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The front page of the Fort Collins Weekly Courier on July 25, 1913.

The front page of the Fort Collins Weekly Courier on July 25, 1913.

The national news was incredibly depressing. A prison building full of “negroes” burned to the ground. The screams of the men were heard up to two miles away. The Mexican Revolution was in full swing and anti-American demonstrations were a concern. Railroad workers were on strike. And in the First Balkan War, the Turks had retaken Adrianople.

If the United States intervene in the Mexican Revolution, it risked damaging its own and foreign interests.

If the United States intervened in the Mexican Revolution, it risked damaging its own and foreign interests.

Several local lawyers threatened to hold the Larimer county commissioners in contempt of court if they moved forward with building a road to Estes called the Fall River Road. They claimed that a 3/4 mile segment of the road did not legally belong to the people who were transferring the land to the county, but in fact that section of property was without title and therefore belonged to the public.

The Empire Grange hosted a picnic at Lindenmeier lake. Fried chicken was plentiful at the event.

It's hard to tell whether this comic is extolling pockets skirts or making fun of them.

It’s hard to tell whether this comic is extolling pockets skirts or making fun of them.

The valuation of property within the county was said to exceed ten million dollars, which was a record. The growth was largely attributed to an increase in the population.

Officers for “the September celebration club” were selected to begin planning for the big upcoming event. Funds were to be raised in order to provide “a wild west show, street fair and shows, airship flights, and daily barbecues.” The cities of Cheyenne and Wellington assured Fort Collins that they would attend the event in large numbers. (There was no mention that this was in any way connected with an anniversary celebration for the city. It just appears to be something they did every autumn.)

Changes in technology, like the introduction of the trolley, were having their affect upon people's health.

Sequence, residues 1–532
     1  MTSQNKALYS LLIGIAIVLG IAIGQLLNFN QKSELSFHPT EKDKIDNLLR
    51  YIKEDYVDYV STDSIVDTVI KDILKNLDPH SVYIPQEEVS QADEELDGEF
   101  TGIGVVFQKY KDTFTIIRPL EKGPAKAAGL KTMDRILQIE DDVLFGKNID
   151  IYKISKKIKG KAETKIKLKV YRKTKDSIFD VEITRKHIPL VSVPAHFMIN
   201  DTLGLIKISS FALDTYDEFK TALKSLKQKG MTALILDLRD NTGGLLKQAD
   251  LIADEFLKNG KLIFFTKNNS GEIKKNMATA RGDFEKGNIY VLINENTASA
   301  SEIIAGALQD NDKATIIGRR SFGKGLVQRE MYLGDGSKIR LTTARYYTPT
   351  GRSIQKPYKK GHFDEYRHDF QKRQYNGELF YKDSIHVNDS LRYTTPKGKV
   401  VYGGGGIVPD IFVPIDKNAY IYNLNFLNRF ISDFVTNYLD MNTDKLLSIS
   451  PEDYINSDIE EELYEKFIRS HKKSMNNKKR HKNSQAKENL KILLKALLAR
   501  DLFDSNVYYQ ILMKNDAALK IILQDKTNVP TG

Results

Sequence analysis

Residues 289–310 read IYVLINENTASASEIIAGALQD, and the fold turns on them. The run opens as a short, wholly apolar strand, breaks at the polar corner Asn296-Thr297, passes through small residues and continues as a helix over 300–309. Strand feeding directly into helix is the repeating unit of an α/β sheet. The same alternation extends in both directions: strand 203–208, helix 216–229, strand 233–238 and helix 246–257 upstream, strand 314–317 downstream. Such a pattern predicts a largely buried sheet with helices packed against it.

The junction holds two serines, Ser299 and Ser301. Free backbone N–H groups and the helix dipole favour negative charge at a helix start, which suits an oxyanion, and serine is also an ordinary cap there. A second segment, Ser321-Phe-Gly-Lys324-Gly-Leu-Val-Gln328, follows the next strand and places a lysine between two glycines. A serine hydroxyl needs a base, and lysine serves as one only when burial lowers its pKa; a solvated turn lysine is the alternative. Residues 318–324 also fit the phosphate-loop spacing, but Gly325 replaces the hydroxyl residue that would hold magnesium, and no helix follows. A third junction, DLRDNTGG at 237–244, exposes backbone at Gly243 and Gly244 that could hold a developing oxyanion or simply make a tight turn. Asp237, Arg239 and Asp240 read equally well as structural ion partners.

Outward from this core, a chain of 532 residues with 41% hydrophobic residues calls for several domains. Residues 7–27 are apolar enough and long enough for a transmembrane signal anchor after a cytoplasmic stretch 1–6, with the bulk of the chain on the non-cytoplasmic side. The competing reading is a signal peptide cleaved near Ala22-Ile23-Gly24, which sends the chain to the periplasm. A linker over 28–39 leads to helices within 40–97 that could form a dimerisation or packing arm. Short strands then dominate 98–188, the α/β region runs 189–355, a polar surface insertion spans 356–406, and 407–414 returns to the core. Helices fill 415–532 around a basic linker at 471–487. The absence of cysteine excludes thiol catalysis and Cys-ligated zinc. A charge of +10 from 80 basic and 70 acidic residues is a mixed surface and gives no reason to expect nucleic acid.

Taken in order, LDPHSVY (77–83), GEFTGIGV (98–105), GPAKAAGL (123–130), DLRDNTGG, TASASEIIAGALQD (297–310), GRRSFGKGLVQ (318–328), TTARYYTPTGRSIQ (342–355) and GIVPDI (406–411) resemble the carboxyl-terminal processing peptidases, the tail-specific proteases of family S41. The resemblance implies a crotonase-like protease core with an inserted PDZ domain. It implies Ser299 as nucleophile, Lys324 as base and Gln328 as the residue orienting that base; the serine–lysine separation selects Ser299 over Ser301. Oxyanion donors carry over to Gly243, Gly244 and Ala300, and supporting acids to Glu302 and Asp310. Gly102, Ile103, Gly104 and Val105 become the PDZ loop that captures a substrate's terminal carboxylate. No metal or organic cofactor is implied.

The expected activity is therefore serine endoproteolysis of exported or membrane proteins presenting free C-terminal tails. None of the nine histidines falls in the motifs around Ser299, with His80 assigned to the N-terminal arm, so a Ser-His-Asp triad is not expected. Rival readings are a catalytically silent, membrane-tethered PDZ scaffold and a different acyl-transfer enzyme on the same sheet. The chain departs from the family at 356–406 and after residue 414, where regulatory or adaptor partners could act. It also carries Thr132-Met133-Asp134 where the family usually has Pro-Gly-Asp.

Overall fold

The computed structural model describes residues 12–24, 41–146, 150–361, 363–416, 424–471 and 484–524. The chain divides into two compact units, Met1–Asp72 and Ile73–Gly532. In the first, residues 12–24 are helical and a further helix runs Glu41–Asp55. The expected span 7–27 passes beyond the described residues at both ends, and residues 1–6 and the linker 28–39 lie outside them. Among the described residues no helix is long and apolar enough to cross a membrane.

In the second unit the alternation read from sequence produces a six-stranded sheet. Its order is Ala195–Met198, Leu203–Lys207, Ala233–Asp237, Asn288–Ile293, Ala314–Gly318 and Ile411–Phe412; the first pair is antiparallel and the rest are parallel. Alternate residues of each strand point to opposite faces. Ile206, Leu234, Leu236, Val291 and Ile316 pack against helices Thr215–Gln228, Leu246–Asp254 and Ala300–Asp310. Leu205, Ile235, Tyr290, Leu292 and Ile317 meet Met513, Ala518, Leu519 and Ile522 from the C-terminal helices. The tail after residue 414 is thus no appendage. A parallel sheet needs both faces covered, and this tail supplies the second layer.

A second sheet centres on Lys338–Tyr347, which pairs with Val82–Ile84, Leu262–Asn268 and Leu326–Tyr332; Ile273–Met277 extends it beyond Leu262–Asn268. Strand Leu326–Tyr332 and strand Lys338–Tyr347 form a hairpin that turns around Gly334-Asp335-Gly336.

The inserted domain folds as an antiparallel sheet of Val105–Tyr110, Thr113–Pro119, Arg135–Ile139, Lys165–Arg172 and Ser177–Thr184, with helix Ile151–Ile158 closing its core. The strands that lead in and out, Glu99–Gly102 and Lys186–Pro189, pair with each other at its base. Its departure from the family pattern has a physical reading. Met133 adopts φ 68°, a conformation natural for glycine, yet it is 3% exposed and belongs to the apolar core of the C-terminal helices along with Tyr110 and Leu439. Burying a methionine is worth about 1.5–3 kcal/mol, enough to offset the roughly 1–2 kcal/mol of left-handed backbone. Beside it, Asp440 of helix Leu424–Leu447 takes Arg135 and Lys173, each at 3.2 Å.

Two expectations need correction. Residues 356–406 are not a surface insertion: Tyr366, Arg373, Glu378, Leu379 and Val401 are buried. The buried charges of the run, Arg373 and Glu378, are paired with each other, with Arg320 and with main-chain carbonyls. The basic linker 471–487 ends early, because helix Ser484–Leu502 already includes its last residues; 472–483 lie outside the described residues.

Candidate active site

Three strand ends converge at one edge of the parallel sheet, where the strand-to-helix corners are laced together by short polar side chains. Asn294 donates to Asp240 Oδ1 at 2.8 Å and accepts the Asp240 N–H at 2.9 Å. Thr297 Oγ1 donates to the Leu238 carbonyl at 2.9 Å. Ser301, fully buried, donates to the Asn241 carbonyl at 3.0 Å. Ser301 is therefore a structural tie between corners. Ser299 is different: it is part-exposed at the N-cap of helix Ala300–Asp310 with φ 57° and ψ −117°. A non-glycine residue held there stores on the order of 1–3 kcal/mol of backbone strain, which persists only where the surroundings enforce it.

Changes in technology, like the introduction of the trolley, were having their affect upon people’s health.

Fire destroyed the Cherokee Park laundry, though the hotel and cottages were saved when the hotel guests ran out and formed a bucket brigade. There were $500 in damages from the fire which got its start from an electric iron.

And I can’t image where we’d be if the city council hadn’t passed an automobile ordinance in 1913 requiring all vehicles to keep to the right side of the road. There were several other new rules as well. When there is an oncoming car, one must veer right. And when passing another car in the same lane, one must pass to the left. When turning a corner one must keep to the right of the center of the street. And stopped vehicles must be along the curb and not in the center of the road. All parking was to be made at a 45 degree angle to the road. Speed limits were to be 15 miles an hour inside of the fire limits, 20 miles an hour outside, and 12 miles an hour in alleys. Mufflers must be used and no car may idle for longer than 5 minutes. And when passing another vehicle at a corner, one must always use the horn.

 

I had great hopes of turning this newspaper column into a “Dear Photograph” column (something that reader Rachel Cartier Blandin suggested). I love the idea, but the technique is beyond me for now. (I tried. I failed.) I’m also going to be out of town next week. So the promised 1944 newspaper review won’t be happening. Come August (given that I don’t get the Dear Photograph thing figured out), you can look forward to news reviews from 1956, ’72, ’65, and ’83.

 

Source for this article:

The Fort Collins Weekly Courier, 25 July 1913. I accessed this newspaper online through Colorado Historic Newspapers.